Decoding Design

Windscraper: Integrated wind harvesting for Greece's Piraeus Tower

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The winning entry for the Piraeus Tower competition is an eco-friendly relative of skyscrapers and earthscrapers.

Designed by HollwichKushner (HWKN), the Windscraper is the winning entry for the Piraeus Tower competition (held in 2010) to complete and modernize the Piraeus Tower in Greece. Called the Sleeping Giant because of its 40 year old construction hiatus, the Piraeus Tower is a 22 story office building.

HWKN's Windscraper proposes finishing the existing structure with a multi functional wind harvesting facade made up of 'leaf' panels coated in Alesta Eco Coating which would create an ethereal glow. The concept integrates wind harvesting into the building's facade instead of just adding turbines.

According to the architects' statement:
"...sealed buildings completely disassociate us from the natural world, leading to greater energy consumption and pollution, a key component of the global environmental crisis. In order to save us from the imminent ecological catastrophe, strategies of energy efficiency and sustainability must move beyond conservation: we need buildings that harvest the environment for energy, synergizing the building’s performance with natural forces."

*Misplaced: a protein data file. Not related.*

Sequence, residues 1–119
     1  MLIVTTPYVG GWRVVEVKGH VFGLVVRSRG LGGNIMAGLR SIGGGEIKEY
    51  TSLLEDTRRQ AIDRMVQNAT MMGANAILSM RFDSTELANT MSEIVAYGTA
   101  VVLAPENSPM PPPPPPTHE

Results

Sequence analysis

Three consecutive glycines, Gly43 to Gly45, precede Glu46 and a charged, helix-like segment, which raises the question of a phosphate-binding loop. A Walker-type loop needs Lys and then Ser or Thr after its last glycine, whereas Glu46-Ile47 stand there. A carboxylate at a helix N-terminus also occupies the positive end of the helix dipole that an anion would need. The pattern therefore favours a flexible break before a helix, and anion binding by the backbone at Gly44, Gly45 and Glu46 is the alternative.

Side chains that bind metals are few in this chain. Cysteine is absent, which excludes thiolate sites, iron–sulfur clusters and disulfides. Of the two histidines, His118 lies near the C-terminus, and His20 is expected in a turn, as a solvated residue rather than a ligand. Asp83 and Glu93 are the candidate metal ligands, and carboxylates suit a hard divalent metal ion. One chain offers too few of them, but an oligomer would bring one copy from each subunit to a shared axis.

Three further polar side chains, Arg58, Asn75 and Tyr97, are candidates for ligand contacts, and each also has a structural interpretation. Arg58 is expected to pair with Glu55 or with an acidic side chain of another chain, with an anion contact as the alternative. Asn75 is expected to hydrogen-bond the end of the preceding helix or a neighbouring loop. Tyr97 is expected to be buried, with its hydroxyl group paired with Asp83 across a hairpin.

HWKN's leaf facade provides three main functions:
1. Energy - Equipped with power-rod extensions and wind catchers, the wind-farm façade is connected to a real-time monitoring display based on the work of Seabased Inc. (the company responsible for the Swedish wave energy park that translates the movement of waves into usable electrical energy).
2. Cooling - The metal leaves function like a tree canopy, shading the glass curtainwall that allows natural light into the tower and generating breezes within the envelope.
3. Sound - The artificial tree canopy mimics the sound of rustling leaves, to provide the building's occupants a connection to nature. The designers cite research that found people inside buildings who had a connection to the outside world better tolerate discomfort caused by temperature, which would lower the need for heating and cooling.

What Matthias Hollwich liked most about his studio's design was "the idea of simulated nature that re-connects us to our natural environment."

HWKN are the architects behind Architizer, which is kind of like Facebook for architects, but more useful. The firm promotes and practices an optimistic approach to design. Their inventive projects include BOOM, a progressive community for aging and J2, the tallest high-rise building in New Jersey.

Images: HWKN (HollwichKushner)

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Sun Kim

Contributing Editor

Contributing Editor Sun Joo Kim is an architect and creative consultant based in Boston. Her projects include design and master planning of museums, public institutions, hospitals, and university buildings across the U.S. She holds a degree from Carnegie Mellon University and is a member of the U.S. Green Building Council. Follow her on Twitter. Disclosure